At Breakthrough Ministries, Urban Youth Overcome Odds
- Wednesday, September 01, 2004
Take any tough inner city neighborhood, throw in peer pressure and a touch of desperation, and the outcome would be similar. This time, the town is Chicago and the young man named William. After developing an affinity for marijuana, William dropped out of high school, joined a gang and started selling drugs. Forced to make a heart-wrenching choice, his family asked him to leave home.
Although his life was spiraling out of control, William took a few stabs at getting back on track. He enrolled in a G.E.D. program and tried to quit drugs, but the temptation was too strong. William spent nights in abandoned buildings or with friends, including J.J., a former grade-school classmate.
One day, J.J. invited his friend to attend an evening Bible study run by a ministry called Breakthrough. William reluctantly went "because he'd given me clothes and a place to stay." He didn't know how dramatically his life was about to change.
The East Garfield Park section of Chicago tallied 71 drug-related murders and 300 violent crimes in a recent year. Homelessness and drug-related activity are visible to the casual observer. Close to 46 percent of the households are below the poverty line; 49 percent of the residents have not graduated from high school, and more than 70 percent of the families are headed by a single parent.
In the middle of this troubled landscape, Breakthrough’s Youth Outreach program reaches out to children facing pressure from gangs, drugs, violence and promiscuity. Many come from broken homes with few role models to follow, so staff and volunteers strive to build a safety net around the kids.
“The crux of it is that we want to connect caring, Christian adults in a network fashion around the kids in our neighborhood and their families,” says youth outreach director Bill Curry. “Everything we do, we do as a vehicle for adults to build relationships with kids.”
Breakthrough operates several programs for youth including a basketball league, academic assistance, Bible Study groups, gardening classes, summer camp and more.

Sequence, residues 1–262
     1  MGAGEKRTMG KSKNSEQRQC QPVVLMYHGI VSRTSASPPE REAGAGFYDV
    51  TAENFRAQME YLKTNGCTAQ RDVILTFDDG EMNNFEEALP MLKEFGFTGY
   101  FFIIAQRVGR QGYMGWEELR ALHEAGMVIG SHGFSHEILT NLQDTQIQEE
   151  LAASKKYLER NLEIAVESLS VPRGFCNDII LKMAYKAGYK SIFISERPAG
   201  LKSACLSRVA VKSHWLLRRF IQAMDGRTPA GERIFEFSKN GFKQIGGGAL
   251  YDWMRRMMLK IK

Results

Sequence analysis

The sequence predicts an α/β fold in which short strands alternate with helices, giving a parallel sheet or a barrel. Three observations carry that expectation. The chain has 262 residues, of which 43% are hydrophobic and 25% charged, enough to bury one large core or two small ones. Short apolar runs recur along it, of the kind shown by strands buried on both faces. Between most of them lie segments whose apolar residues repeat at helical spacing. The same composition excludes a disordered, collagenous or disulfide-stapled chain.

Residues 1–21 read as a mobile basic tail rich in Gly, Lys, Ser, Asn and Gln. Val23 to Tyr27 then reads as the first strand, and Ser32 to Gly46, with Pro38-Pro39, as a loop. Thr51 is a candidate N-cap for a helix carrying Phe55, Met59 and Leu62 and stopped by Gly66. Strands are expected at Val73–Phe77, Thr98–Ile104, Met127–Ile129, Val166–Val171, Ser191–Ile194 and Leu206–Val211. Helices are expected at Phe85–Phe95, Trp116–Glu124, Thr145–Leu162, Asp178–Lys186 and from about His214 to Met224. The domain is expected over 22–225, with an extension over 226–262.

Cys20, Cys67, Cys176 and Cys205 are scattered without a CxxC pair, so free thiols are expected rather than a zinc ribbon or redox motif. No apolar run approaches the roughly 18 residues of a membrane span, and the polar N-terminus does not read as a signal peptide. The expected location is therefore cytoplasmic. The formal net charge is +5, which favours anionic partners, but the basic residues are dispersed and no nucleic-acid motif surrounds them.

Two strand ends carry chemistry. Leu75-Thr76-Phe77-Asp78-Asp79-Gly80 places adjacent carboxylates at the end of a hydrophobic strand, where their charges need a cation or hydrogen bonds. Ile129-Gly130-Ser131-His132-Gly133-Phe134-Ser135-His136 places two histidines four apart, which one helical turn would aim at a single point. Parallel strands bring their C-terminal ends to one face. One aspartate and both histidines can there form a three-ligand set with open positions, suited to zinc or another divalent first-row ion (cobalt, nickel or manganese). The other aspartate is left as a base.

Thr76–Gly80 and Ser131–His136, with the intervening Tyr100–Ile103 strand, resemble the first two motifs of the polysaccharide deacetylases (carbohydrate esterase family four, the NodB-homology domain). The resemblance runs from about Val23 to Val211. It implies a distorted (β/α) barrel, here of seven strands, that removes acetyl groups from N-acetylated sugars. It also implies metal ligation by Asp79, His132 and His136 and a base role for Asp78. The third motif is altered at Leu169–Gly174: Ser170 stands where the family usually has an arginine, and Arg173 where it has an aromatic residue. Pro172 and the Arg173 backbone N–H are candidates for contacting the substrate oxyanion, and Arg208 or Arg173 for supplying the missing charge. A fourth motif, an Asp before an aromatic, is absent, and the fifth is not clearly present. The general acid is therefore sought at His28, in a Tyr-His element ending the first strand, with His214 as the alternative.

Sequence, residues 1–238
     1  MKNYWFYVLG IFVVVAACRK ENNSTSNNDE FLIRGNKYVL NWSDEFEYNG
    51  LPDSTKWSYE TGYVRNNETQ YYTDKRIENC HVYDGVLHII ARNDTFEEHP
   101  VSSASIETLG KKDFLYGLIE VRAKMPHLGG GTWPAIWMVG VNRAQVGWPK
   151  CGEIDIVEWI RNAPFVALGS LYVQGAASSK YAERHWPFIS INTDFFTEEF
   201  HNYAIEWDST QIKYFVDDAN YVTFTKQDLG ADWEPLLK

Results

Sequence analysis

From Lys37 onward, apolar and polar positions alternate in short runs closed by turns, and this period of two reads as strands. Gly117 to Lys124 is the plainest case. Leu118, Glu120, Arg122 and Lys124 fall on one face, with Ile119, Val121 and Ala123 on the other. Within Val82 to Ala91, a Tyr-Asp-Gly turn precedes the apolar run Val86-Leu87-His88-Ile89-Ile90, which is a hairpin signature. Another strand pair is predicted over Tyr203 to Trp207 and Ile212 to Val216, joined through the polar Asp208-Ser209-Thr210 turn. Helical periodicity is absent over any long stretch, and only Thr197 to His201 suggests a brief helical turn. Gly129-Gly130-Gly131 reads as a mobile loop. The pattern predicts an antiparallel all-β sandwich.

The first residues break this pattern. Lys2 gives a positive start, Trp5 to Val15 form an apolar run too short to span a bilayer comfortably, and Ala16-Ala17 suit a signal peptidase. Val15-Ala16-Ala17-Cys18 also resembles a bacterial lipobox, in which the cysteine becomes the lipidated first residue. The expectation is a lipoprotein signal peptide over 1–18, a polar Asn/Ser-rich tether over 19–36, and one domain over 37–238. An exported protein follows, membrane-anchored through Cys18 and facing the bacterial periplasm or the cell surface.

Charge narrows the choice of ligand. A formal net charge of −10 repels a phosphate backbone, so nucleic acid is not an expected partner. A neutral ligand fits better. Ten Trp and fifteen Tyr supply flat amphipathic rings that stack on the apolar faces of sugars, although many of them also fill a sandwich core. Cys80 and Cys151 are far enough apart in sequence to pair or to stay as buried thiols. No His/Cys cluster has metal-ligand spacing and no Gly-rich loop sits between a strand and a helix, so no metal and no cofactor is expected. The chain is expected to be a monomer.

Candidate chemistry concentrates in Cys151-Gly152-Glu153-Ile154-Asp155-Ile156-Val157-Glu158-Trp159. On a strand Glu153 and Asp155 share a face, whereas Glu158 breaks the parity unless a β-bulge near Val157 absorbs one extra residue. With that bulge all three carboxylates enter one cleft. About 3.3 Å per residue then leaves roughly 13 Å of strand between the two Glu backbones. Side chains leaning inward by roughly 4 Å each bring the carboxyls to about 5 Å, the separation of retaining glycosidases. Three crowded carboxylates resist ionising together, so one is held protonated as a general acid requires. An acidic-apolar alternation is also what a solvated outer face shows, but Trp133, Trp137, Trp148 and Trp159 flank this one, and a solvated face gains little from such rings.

According to Curry, growth has been explosive over the past three years. Close to 300 youth have access to opportunities that nurture and encourage personal development and academic enrichment. Parents and family members welcome Breakthrough as a partner to support the growth and well-being of their children. “We’ve had parents come to Christ, even as recently as Sunday evening,” Curry adds.
Over the last six to nine months, a total of nine people accepted Christ as their savior, says Curry. “Six of the nine were African American males between the ages of 15 and 20, guys who really had to correct their course.
“But it’s not something we push,” Curry explains. “We always tell people, ‘We’re here to answer any questions you might have. We can spend time with you individually studying the Bible, but everything you are going to do in your relationship with Christ has to be based on your desire, not on ours.’”
Approximately 110 volunteers commit to helping each week. “About 20 to 25 volunteers actually live in East Garfield Park,” Curry says. “They have either moved here as a result of being involved with the kids and wanted to be neighbors with the families in the community, or they are people that God already had here.
“It’s been really exciting to see what God is doing,” Curry adds. “It is purely God and we get to experience it.”
Other programs run by Breakthrough include Bridges of Hope, which is an outreach to women in prostitution; the Joshua Center, which provides emergency overnight shelter for women, as well as meals and case management; and the North Side day center, which provides support for homeless men.
Breakthrough Urban Ministries was founded in 1992 by Arloa Sutter and members of the First Evangelical Free Church as a response to homeless persons in the Edgewater and Uptown neighborhoods of Chicago who were seeking assistance. At first, Breakthrough focused on meeting a very basic need of homeless persons by serving coffee and daily lunches in a small storefront room. By the end of the year, Breakthrough received its non-profit status.
Learn more the mission and history of Breakthrough at www.breakthroughministries.com/
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